Creating a virtual museum – How photogrammetry brought Roald Amundsen’s home back to life

About Follo Museum

The Follo museum is responsible for the curation and caretaking of the Roald Amundsen’s estate and collection. Roald Amundsen was a world renowned Polar explorer whos various historic expeditons and private life are captured and preserved at his estate located just outside of Oslo.

Roald Amundsen in 1899
On June the 17th 1928 Roald Amundsen, the Norwegian artic explorer famous for being the first man ever to set foot on the South Pole and lead the first undisputed expedition to reach the North Pole, locked the front door of his house and left – he would never return.
Roald Amundsen and Helmer Hanssen make observations at the South Pole, 1911
© National Library of Norway

In 1928, Roald Amundsen planned a private rescue mission to save his arch nemesis, Umberto Nobile, an Italian airship designer turned polar explorer, who had crash landed with his crew in the pack ice North of Svalbard. Roald Amundsen and his crew disappeared during the mission and very little evidence was ever recovered to piece together what happened.

Famous for not only being the first person to reach the South Pole, but also the first to make a ship voyage through the Northwest Passage, Roald Amundsen’s life was a rich tapestry of adventures with artefacts and items collected during these many voyages and displayed in his house.

His house was turned into a museum in 1935 and preserved as he left it nearly 100 years ago. In 2003 Follo Museum took over the building and since then a dedicated a team of researchers and academics to recreating his legacy.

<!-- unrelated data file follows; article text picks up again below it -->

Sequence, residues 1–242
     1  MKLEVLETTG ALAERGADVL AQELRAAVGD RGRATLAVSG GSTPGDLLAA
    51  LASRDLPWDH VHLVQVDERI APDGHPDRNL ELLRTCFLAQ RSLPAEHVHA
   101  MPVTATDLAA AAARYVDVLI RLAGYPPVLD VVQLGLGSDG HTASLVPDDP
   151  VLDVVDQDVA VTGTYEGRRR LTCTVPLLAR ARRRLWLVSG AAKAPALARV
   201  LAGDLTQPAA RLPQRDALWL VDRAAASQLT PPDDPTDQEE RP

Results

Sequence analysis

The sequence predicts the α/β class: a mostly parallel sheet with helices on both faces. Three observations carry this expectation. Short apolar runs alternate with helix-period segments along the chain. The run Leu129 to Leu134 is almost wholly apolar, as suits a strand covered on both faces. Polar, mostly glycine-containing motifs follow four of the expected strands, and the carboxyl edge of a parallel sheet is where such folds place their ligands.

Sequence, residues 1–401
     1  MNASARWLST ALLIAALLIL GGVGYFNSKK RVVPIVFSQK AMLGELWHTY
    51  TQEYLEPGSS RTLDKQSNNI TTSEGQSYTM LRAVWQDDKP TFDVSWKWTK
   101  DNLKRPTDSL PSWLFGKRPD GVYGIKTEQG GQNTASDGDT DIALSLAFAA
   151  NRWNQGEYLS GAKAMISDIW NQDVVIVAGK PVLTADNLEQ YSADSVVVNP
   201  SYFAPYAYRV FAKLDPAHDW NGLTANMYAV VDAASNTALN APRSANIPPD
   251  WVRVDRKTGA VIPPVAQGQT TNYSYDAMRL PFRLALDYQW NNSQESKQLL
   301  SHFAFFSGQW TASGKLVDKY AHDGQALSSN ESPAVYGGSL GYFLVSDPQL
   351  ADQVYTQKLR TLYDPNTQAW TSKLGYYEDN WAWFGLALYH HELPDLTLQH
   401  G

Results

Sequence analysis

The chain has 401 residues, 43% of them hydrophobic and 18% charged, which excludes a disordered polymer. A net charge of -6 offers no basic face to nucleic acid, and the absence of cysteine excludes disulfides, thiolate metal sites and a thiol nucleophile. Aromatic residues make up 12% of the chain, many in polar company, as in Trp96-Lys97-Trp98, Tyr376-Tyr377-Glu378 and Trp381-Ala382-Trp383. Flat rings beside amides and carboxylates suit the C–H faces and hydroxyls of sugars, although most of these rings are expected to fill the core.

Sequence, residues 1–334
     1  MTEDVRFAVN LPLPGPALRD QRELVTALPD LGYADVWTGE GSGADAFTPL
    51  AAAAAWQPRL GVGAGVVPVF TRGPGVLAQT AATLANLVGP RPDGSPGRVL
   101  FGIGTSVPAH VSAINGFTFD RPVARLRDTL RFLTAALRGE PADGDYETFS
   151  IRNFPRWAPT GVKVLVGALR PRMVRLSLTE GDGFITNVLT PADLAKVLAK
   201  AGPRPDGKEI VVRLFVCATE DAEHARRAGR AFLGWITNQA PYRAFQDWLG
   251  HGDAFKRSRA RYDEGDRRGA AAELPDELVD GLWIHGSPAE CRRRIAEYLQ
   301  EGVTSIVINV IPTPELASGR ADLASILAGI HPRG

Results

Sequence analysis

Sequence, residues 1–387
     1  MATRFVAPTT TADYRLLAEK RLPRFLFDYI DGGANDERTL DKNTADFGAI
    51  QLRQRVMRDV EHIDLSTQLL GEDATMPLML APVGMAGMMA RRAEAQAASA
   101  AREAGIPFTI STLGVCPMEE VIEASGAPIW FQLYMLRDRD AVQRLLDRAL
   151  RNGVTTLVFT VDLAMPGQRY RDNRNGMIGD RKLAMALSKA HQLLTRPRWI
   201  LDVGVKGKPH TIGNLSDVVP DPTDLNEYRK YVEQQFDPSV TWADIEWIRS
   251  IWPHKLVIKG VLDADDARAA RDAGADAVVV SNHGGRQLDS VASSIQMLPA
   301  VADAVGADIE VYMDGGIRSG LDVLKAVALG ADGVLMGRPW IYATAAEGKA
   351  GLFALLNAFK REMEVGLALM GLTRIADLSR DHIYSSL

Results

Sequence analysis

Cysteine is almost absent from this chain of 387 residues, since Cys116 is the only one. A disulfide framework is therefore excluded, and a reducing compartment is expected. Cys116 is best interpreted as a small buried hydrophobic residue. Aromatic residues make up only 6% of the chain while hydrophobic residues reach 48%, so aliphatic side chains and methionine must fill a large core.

Increasing access to the inaccessible

The Follo museum wanted the world to be able to experience Amundsen’s home and learn about his life story, however they faced several challenges; the house is located in a remote area 45 minutes drive outside of Oslo, with limited opening hours. Due to its age, any increase in visitor traffic would put the house and its content at a greater risk of damage and wear and tear. So how could they make the house more accessible? For the Follo Museum the solution was as beautiful as it was bold.

Capturing history

Together with the immersive technology competence of Glitch Studios, Follo Museum started a three-part project to digitize their museum experience. Starting with a high-quality photogrammetry scan of the interior and the exterior of the house, this would make up the basis for a virtual reality experience, together with highly detailed scans of private objects from the collection.